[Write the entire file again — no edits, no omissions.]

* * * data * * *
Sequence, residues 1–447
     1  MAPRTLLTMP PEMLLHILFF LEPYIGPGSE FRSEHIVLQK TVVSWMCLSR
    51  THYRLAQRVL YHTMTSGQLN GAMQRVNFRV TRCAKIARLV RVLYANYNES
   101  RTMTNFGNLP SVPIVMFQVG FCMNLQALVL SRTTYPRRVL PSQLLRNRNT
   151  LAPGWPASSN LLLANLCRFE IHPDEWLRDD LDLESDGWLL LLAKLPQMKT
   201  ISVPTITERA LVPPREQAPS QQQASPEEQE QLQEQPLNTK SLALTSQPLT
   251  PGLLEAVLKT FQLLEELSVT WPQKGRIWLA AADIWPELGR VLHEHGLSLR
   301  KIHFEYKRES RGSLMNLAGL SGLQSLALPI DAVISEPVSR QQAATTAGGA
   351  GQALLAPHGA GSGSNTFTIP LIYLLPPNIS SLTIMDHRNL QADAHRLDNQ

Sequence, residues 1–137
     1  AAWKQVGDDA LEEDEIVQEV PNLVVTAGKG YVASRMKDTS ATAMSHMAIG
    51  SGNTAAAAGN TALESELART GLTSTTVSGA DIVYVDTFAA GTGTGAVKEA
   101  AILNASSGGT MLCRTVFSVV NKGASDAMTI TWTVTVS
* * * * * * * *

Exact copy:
Sequence, residues 1–447
     1  MAPRTLLTMP PEMLLHILFF LEPYIGPGSE FRSEHIVLQK TVVSWMCLSR
    51  THYRLAQRVL YHTMTSGQLN GAMQRVNFRV TRCAKIARLV RVLYANYNES
   101  RTMTNFGNLP SVPIVMFQVG FCMNLQALVL SRTTYPRRVL PSQLLRNRNT
   151  LAPGWPASSN LLLANLCRFE IHPDEWLRDD LDLESDGWLL LLAKLPQMKT
   201  ISVPTITERA LVPPREQAPS QQQASPEEQE QLQEQPLNTK SLALTSQPLT
   251  PGLLEAVLKT FQLLEELSVT WPQKGRIWLA AADIWPELGR VLHEHGLSLR
   301  KIHFEYKRES RGSLMNLAGL SGLQSLALPI DAVISEPVSR QQAATTAGGA
   351  GQALLAPHGA GSGSNTFTIP LIYLLPPNIS SLTIMDHRNL QADAHRLDNQ

Sequence, residues 1–137
     1  AAWKQVGDDA LEEDEIVQEV PNLVVTAGKG YVASRMKDTS ATAMSHMAIG
    51  SGNTAAAAGN TALESELART GLTSTTVSGA DIVYVDTFAA GTGTGAVKEA
   101  AILNASSGGT MLCRTVFSVV NKGASDAMTI TWTVTVS